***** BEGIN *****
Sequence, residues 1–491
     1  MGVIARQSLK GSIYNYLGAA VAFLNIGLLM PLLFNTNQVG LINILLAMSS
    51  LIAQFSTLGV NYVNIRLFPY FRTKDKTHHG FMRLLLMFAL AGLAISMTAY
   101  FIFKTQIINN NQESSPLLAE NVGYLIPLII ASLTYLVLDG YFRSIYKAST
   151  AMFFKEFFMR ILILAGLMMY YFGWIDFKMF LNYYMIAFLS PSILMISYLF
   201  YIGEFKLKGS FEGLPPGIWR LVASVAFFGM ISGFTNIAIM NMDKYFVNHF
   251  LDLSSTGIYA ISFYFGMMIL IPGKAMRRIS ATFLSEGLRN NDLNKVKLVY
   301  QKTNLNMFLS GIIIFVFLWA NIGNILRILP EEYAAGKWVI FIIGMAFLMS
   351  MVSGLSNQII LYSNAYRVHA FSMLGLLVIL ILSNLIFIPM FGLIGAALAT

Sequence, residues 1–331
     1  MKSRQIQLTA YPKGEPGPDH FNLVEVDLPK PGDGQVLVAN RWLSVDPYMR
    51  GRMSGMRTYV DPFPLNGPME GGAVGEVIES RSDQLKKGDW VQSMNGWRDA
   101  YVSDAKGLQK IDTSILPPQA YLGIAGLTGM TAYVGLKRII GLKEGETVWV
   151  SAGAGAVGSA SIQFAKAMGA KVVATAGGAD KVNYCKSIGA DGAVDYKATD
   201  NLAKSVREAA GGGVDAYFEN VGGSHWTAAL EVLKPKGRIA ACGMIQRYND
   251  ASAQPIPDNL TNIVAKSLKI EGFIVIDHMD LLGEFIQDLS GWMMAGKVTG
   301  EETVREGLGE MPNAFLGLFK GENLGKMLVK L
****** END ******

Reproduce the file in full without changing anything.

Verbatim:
Sequence, residues 1–491
     1  MGVIARQSLK GSIYNYLGAA VAFLNIGLLM PLLFNTNQVG LINILLAMSS
    51  LIAQFSTLGV NYVNIRLFPY FRTKDKTHHG FMRLLLMFAL AGLAISMTAY
   101  FIFKTQIINN NQESSPLLAE NVGYLIPLII ASLTYLVLDG YFRSIYKAST
   151  AMFFKEFFMR ILILAGLMMY YFGWIDFKMF LNYYMIAFLS PSILMISYLF
   201  YIGEFKLKGS FEGLPPGIWR LVASVAFFGM ISGFTNIAIM NMDKYFVNHF
   251  LDLSSTGIYA ISFYFGMMIL IPGKAMRRIS ATFLSEGLRN NDLNKVKLVY
   301  QKTNLNMFLS GIIIFVFLWA NIGNILRILP EEYAAGKWVI FIIGMAFLMS
   351  MVSGLSNQII LYSNAYRVHA FSMLGLLVIL ILSNLIFIPM FGLIGAALAT

Sequence, residues 1–331
     1  MKSRQIQLTA YPKGEPGPDH FNLVEVDLPK PGDGQVLVAN RWLSVDPYMR
    51  GRMSGMRTYV DPFPLNGPME GGAVGEVIES RSDQLKKGDW VQSMNGWRDA
   101  YVSDAKGLQK IDTSILPPQA YLGIAGLTGM TAYVGLKRII GLKEGETVWV
   151  SAGAGAVGSA SIQFAKAMGA KVVATAGGAD KVNYCKSIGA DGAVDYKATD
   201  NLAKSVREAA GGGVDAYFEN VGGSHWTAAL EVLKPKGRIA ACGMIQRYND
   251  ASAQPIPDNL TNIVAKSLKI EGFIVIDHMD LLGEFIQDLS GWMMAGKVTG
   301  EETVREGLGE MPNAFLGLFK GENLGKMLVK L